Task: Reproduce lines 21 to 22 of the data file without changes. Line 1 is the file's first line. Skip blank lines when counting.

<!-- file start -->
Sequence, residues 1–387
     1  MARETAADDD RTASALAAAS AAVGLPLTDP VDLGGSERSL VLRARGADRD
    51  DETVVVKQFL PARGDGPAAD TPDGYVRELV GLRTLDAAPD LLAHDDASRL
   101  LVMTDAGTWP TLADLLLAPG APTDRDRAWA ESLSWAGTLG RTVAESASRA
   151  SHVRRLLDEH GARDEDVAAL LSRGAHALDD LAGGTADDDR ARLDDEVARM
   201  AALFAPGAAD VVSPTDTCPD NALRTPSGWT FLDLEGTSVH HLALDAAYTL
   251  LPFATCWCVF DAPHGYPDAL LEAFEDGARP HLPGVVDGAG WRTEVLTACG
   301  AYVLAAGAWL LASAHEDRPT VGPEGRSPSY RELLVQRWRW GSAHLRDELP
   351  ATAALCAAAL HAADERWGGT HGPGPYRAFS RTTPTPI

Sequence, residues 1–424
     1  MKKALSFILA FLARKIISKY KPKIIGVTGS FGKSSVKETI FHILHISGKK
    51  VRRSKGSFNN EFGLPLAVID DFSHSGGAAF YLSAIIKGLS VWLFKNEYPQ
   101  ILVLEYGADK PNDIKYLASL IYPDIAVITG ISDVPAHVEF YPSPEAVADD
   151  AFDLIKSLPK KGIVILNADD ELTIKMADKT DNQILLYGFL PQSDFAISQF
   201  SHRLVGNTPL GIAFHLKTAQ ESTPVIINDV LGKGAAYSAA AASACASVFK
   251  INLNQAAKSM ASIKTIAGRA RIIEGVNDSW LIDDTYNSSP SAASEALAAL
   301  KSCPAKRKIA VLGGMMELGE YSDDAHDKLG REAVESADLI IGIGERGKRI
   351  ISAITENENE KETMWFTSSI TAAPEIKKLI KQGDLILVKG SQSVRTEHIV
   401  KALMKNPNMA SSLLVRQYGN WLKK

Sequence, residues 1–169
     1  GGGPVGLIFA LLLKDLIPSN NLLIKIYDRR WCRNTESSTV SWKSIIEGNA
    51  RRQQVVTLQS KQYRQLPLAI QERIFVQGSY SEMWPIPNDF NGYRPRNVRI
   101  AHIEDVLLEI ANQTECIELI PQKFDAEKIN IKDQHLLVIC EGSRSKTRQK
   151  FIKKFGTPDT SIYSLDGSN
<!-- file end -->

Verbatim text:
     1  GGGPVGLIFA LLLKDLIPSN NLLIKIYDRR WCRNTESSTV SWKSIIEGNA
    51  RRQQVVTLQS KQYRQLPLAI QERIFVQGSY SEMWPIPNDF NGYRPRNVRI